If you had a difficult childhood, what did you wish for? Are you able to provide yourself with those physical needs now?
How might you care for your own child or pet? Can you you consider looking to your own needs in the same way?
3. Sensory needs
When I think of a baby, I think of a mother cradling, rocking and singing to her baby. We acknowledge that babies need sensorimotor inputs, but so do adults.
How can you support your sensory needs?
What sensations do you like?
As discussed in 'What's the body got to do with it?', we have the well-established five senses of smell, taste, touch, sight and hearing, AND the lesser known components of sensory experiences of:
- exteroception (sense and perception outside of the body ) and interoception (internal sensations);
- proprioception (detect the body’s position in space and know how much force may be required to move or act);
- balancing and orienting ourselves (vestibular sense) and
- knowing when our body is moving (kinaesthesia).
How might you become more familiar with these parts of your sensory experience?
Here are some ideas:
- Wrapping yourself in a blanket
- Floating in water
- Feeling your feet on the ground: on dry and wet surfaces; on sand or grass.
- Paying attention to beauty or the colours around you
- Swinging at the park, in a tree or in a hammock
- Lying on the ground
- Walking meditation
- Notice the sensations in and around your body as you walk, run, dance, rest
For an easy-to-read summary, see this infographic on the 3 steps of self-mothering.
Invitations to consider how you might support your own needs for mothering
Focus on the positive mothering qualities that you want to develop within yourself.
Explore and express aspects of mothering that you are angry about, or that you feel have been “taboo”.
What are some of the caretaking needs that you have right now?
How do you like to be nurtured? Cared for? Protected?
Do you even know?
How do you like those close to you to support you?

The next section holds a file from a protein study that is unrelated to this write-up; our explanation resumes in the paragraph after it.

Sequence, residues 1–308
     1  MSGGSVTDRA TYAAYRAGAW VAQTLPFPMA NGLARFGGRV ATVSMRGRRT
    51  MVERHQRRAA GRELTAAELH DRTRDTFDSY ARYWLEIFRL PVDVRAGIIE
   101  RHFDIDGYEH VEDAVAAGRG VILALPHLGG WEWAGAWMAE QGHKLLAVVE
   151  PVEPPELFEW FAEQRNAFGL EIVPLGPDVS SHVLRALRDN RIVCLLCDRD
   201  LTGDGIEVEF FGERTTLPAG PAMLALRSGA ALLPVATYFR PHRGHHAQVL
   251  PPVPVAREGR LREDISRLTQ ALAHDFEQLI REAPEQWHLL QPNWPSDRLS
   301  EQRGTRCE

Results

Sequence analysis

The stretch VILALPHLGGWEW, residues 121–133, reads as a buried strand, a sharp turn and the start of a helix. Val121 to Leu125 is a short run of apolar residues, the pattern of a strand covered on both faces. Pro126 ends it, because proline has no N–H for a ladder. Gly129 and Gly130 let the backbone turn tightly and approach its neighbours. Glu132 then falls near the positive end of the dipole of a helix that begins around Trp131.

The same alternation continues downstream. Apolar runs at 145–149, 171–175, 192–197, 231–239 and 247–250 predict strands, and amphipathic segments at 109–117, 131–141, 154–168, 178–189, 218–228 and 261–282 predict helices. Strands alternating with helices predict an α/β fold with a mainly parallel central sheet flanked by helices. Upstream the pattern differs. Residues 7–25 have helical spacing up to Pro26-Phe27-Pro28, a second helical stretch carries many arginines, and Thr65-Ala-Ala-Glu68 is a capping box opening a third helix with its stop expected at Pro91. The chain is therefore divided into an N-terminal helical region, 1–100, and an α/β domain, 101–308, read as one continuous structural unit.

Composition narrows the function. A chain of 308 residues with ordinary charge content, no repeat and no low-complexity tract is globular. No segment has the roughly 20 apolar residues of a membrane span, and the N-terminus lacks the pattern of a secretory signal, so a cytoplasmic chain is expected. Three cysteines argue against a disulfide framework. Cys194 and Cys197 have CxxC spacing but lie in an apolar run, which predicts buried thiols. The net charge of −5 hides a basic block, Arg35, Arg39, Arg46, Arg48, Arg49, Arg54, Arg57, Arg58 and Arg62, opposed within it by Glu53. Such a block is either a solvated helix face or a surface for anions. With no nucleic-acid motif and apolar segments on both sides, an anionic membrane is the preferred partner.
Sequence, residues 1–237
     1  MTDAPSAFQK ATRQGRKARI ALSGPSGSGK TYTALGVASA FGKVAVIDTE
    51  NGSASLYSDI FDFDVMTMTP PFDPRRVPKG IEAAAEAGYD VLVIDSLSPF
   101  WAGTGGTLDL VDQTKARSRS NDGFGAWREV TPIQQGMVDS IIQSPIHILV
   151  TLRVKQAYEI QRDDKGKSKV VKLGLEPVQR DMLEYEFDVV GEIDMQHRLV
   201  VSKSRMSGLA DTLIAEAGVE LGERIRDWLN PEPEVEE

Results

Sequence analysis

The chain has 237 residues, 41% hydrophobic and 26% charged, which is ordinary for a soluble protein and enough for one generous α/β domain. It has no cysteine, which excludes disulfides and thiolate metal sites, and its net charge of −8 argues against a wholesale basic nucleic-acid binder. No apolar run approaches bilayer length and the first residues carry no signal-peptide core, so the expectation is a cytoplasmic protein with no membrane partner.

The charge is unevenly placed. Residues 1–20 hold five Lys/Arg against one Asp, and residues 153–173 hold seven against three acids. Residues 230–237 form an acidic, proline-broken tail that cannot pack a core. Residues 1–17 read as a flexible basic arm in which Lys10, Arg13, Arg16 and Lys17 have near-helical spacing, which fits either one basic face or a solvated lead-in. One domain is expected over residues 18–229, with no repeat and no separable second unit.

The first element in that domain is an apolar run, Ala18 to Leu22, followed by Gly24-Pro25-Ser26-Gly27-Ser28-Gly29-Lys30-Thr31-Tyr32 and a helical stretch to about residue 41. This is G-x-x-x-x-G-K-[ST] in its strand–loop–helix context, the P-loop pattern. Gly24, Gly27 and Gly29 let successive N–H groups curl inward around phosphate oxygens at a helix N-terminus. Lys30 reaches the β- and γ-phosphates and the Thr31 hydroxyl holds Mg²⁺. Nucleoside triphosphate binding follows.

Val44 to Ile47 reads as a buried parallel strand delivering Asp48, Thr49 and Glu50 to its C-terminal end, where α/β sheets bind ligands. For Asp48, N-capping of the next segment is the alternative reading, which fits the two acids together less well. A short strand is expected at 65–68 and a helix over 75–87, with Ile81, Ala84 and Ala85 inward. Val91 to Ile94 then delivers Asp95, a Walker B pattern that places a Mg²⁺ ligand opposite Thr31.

How do you like your loved ones to show they believe in you?
What are the qualities that you love most about your experience of being mothered?
If this is hard or you don’t have any, what qualities do you wish you had?
Are there any women in your life whom you admire in terms of their mothering qualities? (friends; immediate / extended family; community members; teachers; therapist; boss)
Who are they and what qualities, values or behaviours do they have?
Are there any mother figures from novels, myths, fairytales, films, popular culture that you wish you had known, or aspire to? What are their qualities?
Tailored support to meet your needs and build inner resources for positive change.
In 2022, International Women's Day takes place amidst war in Ukraine, flooding in Queensland and New South Wales, and the third year into the COVID-19 pandemic. With women making over 70% of the education, health care and social assistance workforce, and undertaking 50% more than men of the unpaid household chores and caring responsibilities, the current and cumulative load on women at this time is enormous.
The first four blogs in this five-part series have illuminated the significant challenges faced by workers in helping roles in Australia, and the need for change if we are going to sustain a stable and healthy workforce in healthcare and education. The statistics are dire, but there is a way forward. This blog explores how we can nurture hope in healthcare and education through presence and connection.
Header image: Jakob Owens